Hengli, which started as a chemical fiber-maker in Jiangsu, began full production of the country’s first Teapot 2.0 project two years ago. Its revenue has surged since then and about 66% of its 13.5 billion yuan (¥229.8 billion) in annual revenue now comes from refining. State-run titans such as Sinopec Group and PetroChina Co. still account for about two-thirds of China’s oil refining.

The crackdown on older private refiners doesn’t mean they will all disappear, but the 2.0 firms have advantages, Meidan said. “They have economies of scale, those that are in Chinese free trade zones enjoy preferential tax treatment; they are integrated plants which gives them flexibility to shift from oil products to more petrochemicals.”

The Teapot 2.0 firms are all less focused on producing diesel and more on making paraxylene, a petrochemical used in daily necessities from bottles to sportswear, where demand has surged in tandem with China’s economic boom. That’s an area where China wants to be more self-sufficient.

Shenghong said in a statement that new techniques will helps its plant to turn more than 70% of the crude it uses into chemical products, so only a third of its crude would go into making fuels like diesel. By contrast, Sinopec Group and PetroChina Co. turn about 60% of their crude into road fuels and that ratio is at around 85% for the older private refiners. Shares of Jiangsu Eastern Shenghong rose by about 7% to around 25 yuan early Tuesday.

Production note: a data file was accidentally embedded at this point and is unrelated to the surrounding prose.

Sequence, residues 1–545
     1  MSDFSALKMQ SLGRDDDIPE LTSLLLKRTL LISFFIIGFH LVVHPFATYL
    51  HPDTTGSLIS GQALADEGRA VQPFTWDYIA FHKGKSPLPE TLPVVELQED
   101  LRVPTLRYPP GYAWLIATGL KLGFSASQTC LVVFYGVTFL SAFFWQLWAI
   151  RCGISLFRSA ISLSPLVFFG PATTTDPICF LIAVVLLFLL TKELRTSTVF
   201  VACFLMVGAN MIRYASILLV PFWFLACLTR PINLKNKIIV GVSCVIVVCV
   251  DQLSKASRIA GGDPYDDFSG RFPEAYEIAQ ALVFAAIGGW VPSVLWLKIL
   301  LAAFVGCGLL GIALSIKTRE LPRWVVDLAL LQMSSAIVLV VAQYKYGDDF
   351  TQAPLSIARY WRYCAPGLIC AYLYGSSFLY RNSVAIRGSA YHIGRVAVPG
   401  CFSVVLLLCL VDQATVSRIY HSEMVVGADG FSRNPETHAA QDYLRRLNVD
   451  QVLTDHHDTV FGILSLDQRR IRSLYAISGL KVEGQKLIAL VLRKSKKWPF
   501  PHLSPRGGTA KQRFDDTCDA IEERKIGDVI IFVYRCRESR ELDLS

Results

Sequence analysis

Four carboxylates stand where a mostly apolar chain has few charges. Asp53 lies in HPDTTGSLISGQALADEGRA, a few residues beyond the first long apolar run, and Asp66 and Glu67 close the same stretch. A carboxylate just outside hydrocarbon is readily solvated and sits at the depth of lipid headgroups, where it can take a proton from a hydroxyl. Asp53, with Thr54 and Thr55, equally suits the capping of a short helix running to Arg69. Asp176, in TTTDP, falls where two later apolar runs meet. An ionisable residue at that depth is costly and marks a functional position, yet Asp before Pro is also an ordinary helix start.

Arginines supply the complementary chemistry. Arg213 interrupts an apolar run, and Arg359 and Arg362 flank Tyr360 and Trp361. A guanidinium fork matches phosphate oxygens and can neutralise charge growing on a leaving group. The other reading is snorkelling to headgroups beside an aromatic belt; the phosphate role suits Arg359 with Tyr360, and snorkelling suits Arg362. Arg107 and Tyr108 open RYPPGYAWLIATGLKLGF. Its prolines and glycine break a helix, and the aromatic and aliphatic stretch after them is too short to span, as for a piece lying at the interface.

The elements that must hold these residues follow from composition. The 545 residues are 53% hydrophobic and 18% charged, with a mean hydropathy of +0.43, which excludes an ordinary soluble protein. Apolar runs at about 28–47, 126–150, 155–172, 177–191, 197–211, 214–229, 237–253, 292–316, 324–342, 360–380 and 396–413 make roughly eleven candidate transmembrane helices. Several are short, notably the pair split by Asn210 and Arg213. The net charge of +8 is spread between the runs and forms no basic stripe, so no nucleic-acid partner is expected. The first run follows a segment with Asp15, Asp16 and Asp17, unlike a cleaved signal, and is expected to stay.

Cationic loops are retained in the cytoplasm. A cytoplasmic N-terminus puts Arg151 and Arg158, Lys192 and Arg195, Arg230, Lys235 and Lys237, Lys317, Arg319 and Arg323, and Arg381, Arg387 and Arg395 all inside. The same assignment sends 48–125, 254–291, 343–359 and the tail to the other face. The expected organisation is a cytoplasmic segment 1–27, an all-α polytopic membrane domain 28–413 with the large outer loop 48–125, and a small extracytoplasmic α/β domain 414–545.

Hengli and Zhejiang Petroleum didn’t respond to a request for comment.

Companies such as Hengli in the past spent billions buying chemicals such as paraxylene overseas for their massive fiber production. But that’s changing as teapot firms produce more of the chemical at home, hitting suppliers in South Korea, Singapore and Taiwan.

In the first half of this year, China’s imports of paraxylene from South Korea, its largest supplier, were 13% lower than same period in 2019.